Posted: 04 November 2007 1004 hrs
BANGKOK: Manifestos are being prepared, candidates readied and rhetoric polished as Thailand prepares for campaigning ahead of an election on December 23 aimed at returning democracy after last year’s coup.
But as the ink dries on campaign posters ahead of candidate registration this Wednesday, analysts warn that the polls – the first since former Prime Minister Thaksin Shinawatra was ousted in September 2006 – will not usher in a new era of democracy in the kingdom.
Instead, there will likely be a scramble for power in the vacuum left by Thaksin’s Thai Rak Thai (TRT) party, a dominating force in Thai politics which was dissolved after the country’s generals pushed the twice-elected prime minister from power.
In the absence of a charismatic figure or party around which to build a new government, money and influence will again become the political currency.
“We’ve gone back to money politics – political parties jockeying for power, grouping and regrouping without any consideration for policies,” said Giles Ji Ungpakorn, a politics lecturer at Bangkok’s Chulalongkorn University.
The tone for disappointment was already set in August with the approval at referendum of a post-coup constitution that critics warn rolls back democratic reforms included in the previous charter.
Any elections held under the new charter, they say, will likely install a weak coalition government while returning real authority to traditional power centres of the military, the bureaucracy and the royal palace.
All three institutions have played key roles in Thailand’s turbulent political history, which has seen 24 prime ministers and 18 coups over the last 75 years.
The mood worsened further with the approval last month of draconian campaign rules that virtually stamped out political debate by severely curtailing
candidates’ electioneering ahead of the polls.
Although the restrictions, which also sought to control media coverage of candidates, have since been loosened, they still allow Thailand’s government to cast its long shadow over the process.
“The rules are ridiculous… they decrease the ability of political parties to put forward policies,” said Chulalongkorn University’s Giles.
Regulations over details like poster sizes and leafleting will leave politicians vulnerable to being hauled up over petty offenses by the Election Commission, said Chris Baker, the author of a number of books on Thai politics.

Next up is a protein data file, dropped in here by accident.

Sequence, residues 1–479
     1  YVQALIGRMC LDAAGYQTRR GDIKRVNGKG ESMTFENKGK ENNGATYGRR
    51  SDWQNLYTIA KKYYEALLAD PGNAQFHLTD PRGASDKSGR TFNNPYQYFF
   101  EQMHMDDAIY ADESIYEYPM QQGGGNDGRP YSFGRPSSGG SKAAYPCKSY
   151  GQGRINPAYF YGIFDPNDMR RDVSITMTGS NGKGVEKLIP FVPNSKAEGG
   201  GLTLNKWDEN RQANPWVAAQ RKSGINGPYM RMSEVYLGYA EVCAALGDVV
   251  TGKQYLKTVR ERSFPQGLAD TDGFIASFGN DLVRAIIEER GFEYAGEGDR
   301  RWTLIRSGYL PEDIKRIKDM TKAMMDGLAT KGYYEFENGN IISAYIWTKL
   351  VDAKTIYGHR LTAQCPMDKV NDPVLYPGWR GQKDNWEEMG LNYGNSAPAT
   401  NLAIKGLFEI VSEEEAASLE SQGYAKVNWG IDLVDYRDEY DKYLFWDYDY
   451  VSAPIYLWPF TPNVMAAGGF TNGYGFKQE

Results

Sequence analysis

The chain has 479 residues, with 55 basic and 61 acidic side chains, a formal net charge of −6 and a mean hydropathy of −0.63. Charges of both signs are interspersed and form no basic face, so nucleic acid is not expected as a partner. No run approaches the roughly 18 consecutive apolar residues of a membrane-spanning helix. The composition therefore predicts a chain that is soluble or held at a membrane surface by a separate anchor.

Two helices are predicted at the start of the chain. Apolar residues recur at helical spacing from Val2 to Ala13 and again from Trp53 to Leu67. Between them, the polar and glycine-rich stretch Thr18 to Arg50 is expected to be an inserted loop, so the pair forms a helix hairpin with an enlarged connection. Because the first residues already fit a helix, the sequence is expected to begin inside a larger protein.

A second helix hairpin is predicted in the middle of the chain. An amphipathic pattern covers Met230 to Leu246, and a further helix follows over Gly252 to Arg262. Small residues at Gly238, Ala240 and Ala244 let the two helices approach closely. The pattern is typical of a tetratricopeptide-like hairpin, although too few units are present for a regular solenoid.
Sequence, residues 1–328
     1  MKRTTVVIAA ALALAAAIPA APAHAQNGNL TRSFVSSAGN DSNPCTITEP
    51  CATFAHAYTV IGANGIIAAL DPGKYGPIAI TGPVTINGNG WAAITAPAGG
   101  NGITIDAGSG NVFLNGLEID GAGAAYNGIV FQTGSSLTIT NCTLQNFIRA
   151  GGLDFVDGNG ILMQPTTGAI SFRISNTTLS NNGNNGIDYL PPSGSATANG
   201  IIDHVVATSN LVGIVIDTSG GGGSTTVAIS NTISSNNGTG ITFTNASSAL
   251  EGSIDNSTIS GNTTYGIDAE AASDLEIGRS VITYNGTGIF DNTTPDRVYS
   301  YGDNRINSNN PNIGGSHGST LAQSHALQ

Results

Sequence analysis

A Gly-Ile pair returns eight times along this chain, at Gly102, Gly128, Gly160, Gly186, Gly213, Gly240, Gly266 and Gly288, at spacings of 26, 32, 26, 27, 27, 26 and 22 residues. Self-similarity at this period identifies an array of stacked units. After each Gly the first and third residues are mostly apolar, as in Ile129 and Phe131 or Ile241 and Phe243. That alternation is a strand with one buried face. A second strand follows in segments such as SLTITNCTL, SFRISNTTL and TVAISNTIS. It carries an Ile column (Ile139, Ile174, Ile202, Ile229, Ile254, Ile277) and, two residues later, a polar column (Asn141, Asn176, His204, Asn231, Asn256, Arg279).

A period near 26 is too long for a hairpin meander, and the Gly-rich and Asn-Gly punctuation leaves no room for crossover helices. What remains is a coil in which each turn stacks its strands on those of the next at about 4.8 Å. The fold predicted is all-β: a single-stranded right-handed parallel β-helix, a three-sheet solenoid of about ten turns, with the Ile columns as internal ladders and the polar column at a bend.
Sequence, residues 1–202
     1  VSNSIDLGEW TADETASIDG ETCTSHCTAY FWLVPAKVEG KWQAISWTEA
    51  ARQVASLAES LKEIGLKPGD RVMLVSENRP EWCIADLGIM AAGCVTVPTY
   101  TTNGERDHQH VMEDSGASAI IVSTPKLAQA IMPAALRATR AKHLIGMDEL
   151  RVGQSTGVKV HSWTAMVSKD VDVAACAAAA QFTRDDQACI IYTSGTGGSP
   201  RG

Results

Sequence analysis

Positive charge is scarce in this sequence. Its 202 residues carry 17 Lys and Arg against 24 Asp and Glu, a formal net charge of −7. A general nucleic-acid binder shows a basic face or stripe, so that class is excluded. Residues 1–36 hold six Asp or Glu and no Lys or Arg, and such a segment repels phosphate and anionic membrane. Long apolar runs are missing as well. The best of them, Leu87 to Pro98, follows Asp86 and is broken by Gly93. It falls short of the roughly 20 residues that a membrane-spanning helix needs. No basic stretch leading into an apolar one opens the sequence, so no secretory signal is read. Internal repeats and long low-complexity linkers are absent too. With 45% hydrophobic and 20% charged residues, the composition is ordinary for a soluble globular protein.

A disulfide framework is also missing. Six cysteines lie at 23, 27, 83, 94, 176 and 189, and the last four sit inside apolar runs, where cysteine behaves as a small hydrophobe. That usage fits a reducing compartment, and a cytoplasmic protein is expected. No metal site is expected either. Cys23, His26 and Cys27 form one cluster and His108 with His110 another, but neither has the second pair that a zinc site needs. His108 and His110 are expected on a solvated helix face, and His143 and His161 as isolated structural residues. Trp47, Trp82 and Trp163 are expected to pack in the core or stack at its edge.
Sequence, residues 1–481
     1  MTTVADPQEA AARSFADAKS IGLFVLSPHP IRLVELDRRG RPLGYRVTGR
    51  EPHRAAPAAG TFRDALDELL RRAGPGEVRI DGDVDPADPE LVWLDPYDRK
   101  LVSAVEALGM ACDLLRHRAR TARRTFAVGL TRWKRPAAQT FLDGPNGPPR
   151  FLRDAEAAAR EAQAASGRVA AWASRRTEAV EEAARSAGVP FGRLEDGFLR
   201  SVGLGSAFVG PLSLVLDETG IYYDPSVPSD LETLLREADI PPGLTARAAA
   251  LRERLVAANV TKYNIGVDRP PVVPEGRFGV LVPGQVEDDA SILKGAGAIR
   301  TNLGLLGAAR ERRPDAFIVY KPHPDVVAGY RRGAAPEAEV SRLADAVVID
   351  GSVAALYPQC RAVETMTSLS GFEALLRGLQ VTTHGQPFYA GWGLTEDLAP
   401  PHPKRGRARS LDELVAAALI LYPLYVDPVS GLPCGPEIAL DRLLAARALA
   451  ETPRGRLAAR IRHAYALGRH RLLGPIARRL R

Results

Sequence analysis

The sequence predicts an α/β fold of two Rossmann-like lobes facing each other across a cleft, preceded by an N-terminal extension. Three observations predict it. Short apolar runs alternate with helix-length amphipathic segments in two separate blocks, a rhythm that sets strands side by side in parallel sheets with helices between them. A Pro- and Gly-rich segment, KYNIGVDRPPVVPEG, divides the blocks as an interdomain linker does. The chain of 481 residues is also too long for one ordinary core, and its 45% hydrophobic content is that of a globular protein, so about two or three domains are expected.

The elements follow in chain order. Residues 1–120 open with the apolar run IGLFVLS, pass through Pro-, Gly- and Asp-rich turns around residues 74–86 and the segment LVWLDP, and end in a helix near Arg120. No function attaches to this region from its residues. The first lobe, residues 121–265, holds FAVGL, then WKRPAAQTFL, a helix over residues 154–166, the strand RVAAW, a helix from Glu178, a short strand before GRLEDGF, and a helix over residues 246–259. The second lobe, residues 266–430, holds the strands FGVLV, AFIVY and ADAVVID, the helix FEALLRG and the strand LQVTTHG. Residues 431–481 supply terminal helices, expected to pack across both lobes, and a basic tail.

With penalties ranging from fines to jail time and party dissolution, the authorities could target parties less sympathetic to the government and its appointed civilian administration, Baker said.
Thaksin’s TRT, which rose to power in 2001 after defeating the kingdom’s oldest political machine – the Democrat Party – in elections, is widely credited with transforming Thai politics by forging a unified, national policy.
Decision-making had previously been dominated by numerous political organisations based around regional allegiances – an environment that now threatens to return in a field cluttered with new parties, some formed from the remnants of TRT.
“These are basically local politicians, they don’t give a damn about the ideology,” said Baker.
Also hanging over the polls is the fear of outright interference by Thailand’s military-run government.
The most prominent party of Thaksin supporters to emerge following the
TRT’s demise – the People Power Party, or PPP – claims to have unearthed classified documents detailing the government’s plan to use a media smear campaign to sabotage their chances in the December polls.
Thailand’s generals have done little to hide their contempt for Thaksin, who was ousted over allegations of corruption and other abuses of power.
But analysts say the PPP, running on a platform almost identical to Thaksin’s populist policies, stands to win a significant number of the 480 parliament seats up for grabs.
The other front-runner is the Democrat Party, which has strong support in Bangkok and the south, but has failed to connect with Thaksin’s core voters in the populous, poor northeast.
The end result could be a country under the guidance of a shaky coalition government of unwilling partners.
“Obviously, (the military) do not wish the PPP to be in any coalition – other parties I think they can accommodate,” said Gothom Arya, director of Mahidol University’s research centre on peace-building.
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